Coming subdivisions would add to traffic.
Sometimes a person gets caught between a rock and a hard place. From the discussion at a recent Planning Board meeting, it seems some residents are caught between Ormond Beach, Daytona Beach and Volusia County.
Several residents of Aberdeen, an adult living community off Clyde Morris Boulevard, appeared at the meeting to express their fears of new planned subdivisions on the busy highway, adding traffic and making it even more difficult to get out of their neighborhood.
There is no traffic light at Clyde Morris Boulevard where it intersects with their street, Allwood Green Boulevard.
“We need a traffic light. We need one now without this (new subdivision),” said Roy Rearden, representing the Aberdeen Home Owners Association.
He believes it’s only a matter of time before an Aberdeen resident is killed.
Another resident said that Aberdeen has people 70-years-old and older.
“They’re scared to pull out into traffic,” she said. “They sit. You’re going to have some bad trouble.”
But Aberdeen resident Marge Gaither added that they drive safely.
“We are senior citizens,” she said, “but we go to traffic schools and obey all the rules.”
TALE OF TWO CITIES
The residents were speaking at a Planning Board meeting where a rezoning was considered to allow a Planned Residential Development of a 48-lot, 28.6-acre subdivision at 355 Clyde Morris Blvd. called Cypress Trails.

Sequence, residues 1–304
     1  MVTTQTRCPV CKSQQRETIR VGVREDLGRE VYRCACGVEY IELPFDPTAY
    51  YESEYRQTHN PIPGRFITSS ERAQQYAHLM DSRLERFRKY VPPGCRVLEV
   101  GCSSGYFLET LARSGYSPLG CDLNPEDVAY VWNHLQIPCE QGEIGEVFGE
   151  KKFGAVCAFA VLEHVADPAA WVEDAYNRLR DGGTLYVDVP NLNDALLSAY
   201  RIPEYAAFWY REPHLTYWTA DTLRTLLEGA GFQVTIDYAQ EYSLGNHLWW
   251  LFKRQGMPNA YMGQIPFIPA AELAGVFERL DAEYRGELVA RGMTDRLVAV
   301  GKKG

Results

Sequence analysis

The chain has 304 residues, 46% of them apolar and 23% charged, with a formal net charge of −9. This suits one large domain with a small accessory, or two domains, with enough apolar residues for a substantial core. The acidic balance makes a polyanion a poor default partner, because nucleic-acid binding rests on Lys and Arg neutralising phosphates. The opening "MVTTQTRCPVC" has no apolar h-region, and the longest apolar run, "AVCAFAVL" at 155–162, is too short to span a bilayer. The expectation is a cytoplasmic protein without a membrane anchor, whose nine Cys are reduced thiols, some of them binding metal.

The property is zoned low density, which means that the development must be approved as a PRD if the planned lots are less than two acres each or one acre if connected to water and sewer.
Cypress Trails would be north of the Aberdeen access to Clyde Morris Boulevard, but another subdivision, called Birchwood, is planned directly across from Aberdeen. It’s by the same developer, Grande Champion Partners LLC and Indigo Development LLC, but it will be in Daytona Beach and not under the control of Ormond Beach.
The Aberdeen residents in the audience want a traffic light at their street installed before the subdivisions bring more traffic.
Bringing Volusia County into the picture is that Clyde Morris is under county jurisdiction for traffic signals or any other kind of traffic control.
Board Member Howard Briley told the audience that the county was supposed to consider a traffic light at the Aberdeen entrance when Clyde Morris Boulevard was widened to four-lanes. He encouraged the residents to follow-up with the county and find out the status of that study.
Board chairman Doug Thomas asked City Attorney Randy Hayes if the board could put in a caveat about a traffic light with their rezoning approval, and Hayes responded that they could add an annotation that the county should do what is required for traffic, but it would not be binding.
The board members agreed the traffic light problem was not their purview, but decided to add wording to the motion approving the PRD.
“It’s a precarious position to have three entities,” said Board Member Lori Tolland. “I agree we should put our concerns to the county. We need to be proactive.”
The board members also agreed with the audience that a traffic light will be needed in the future if children from the new subdivisions walk across the road to get to David C. Hinson Sr. Middle School.
“These are large houses and would have children,” said Board Member Rita Press. “They would cross the street which would be impossible.”
The board approved the rezoning, with a note to let the minutes show their concern about traffic and a traffic light.
The next step for the rezoning approval will be City Commission approval, tentatively set for Sept. 20 and Oct. 4, first and second readings.
“They’re scared to pull out into traffic.”
Aberdeen resident, on the need for a traffic light
The next step for the rezoning approval will be City Commission approval, tentatively set for Sept. 20, first reading, and Oct. 4, second reading.